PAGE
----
Illinois Video Game Ban Goes Up for Vote

Discussion
Mar 11, 2005
George Anderson

By George Anderson


The Illinois state House civil law committee gave its approval for a bill to go to the floor for a vote that would fine stores up to $5,000 for selling violent and sexually explicit video games to children.


Gov. Rod Blagojevich has been pushing the bill even though similar measures in other states have been struck down as being unconstitutional.


The legislation, if approved by the Illinois House, would require stores to label violent or sexually explicit games with black-and-white stickers reading “18.” It would be up to the stores to decide which games received the “18” sticker.


Rep. Lou Lang (D-Skokie) expressed concern about the bill’s language in an interview with The Associated Press. “This bill does not have clear standards to the people that need to know what the standards are — the parents, the kids, the clerk, the manager at Best Buy,” he said. “These are people that will not have a clear standard under this bill as to what is or is not okay.”


The Illinois Retail Merchants Association has come out against the bill.


Moderator’s Comment: From a retailer’s perspective, how would you approach legitimate concerns about inappropriate video game products being sold to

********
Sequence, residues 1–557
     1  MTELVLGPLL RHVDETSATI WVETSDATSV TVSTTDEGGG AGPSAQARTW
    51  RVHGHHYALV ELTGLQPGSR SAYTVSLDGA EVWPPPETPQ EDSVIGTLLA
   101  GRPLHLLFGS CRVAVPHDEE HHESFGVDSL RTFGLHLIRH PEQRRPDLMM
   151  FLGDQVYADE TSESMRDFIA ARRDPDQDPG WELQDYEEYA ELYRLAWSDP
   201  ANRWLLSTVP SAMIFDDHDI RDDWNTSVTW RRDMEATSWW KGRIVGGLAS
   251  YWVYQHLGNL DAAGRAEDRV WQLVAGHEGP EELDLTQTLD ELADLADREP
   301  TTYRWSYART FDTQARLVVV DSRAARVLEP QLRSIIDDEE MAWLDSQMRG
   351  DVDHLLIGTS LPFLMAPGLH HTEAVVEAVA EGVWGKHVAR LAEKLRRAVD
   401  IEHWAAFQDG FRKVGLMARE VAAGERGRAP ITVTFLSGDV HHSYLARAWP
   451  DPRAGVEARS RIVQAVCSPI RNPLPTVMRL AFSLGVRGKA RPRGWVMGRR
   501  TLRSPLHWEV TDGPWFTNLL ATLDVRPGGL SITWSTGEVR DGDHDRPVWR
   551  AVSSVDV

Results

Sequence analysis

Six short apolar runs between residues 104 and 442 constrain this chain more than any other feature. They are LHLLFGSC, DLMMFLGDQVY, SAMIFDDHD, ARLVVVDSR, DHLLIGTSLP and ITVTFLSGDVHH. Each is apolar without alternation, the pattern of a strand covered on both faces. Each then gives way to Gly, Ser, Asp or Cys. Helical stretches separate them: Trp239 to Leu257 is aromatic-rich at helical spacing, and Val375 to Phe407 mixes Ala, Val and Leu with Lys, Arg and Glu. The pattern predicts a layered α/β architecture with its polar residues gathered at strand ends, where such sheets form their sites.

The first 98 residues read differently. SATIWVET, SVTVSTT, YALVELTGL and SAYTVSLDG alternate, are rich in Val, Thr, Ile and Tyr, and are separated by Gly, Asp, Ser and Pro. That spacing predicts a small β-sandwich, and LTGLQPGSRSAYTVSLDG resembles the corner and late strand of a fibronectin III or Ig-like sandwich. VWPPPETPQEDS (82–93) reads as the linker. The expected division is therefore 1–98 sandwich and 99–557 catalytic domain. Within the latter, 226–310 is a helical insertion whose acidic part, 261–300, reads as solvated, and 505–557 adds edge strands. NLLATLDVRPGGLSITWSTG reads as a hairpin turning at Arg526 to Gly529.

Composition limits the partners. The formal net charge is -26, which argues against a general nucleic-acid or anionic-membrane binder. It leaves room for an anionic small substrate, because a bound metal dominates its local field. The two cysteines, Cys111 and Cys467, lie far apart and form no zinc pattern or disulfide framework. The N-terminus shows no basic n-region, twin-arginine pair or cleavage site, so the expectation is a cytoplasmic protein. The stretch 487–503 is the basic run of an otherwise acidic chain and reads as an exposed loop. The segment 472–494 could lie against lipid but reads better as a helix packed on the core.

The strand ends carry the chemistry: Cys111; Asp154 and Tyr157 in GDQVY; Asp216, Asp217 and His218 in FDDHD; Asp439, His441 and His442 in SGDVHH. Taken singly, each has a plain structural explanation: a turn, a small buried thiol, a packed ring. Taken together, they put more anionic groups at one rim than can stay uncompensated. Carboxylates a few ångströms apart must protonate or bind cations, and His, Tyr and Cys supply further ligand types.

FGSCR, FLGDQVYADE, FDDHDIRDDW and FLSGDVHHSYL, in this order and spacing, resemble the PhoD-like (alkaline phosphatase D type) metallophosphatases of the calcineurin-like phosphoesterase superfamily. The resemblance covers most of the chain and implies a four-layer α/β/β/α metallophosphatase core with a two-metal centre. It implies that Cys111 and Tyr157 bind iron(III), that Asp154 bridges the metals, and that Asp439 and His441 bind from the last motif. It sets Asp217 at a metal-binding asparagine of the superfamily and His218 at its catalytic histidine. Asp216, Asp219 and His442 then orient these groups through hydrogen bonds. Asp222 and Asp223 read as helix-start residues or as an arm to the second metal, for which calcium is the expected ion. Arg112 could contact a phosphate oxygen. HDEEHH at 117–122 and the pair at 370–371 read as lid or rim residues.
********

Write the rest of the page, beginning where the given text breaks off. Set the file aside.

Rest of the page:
kids and balance that with the realities of running stores?

George Anderson – Moderator

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11 Comments on "Illinois Video Game Ban Goes Up for Vote"


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Mark Burr
Guest
15 years 11 months ago

From a retailer’s perspective, unless it was my major line of product, I wouldn’t carry them. Pretty easy choice to make. You can pick and choose your product. There’s no sense placing yourself as an adverse risk either legally or in the eyes of public sentiment. Wal-Mart has made similar decisions with similar material, and if the retailer that can or could sell anything can limit themselves, so can most others.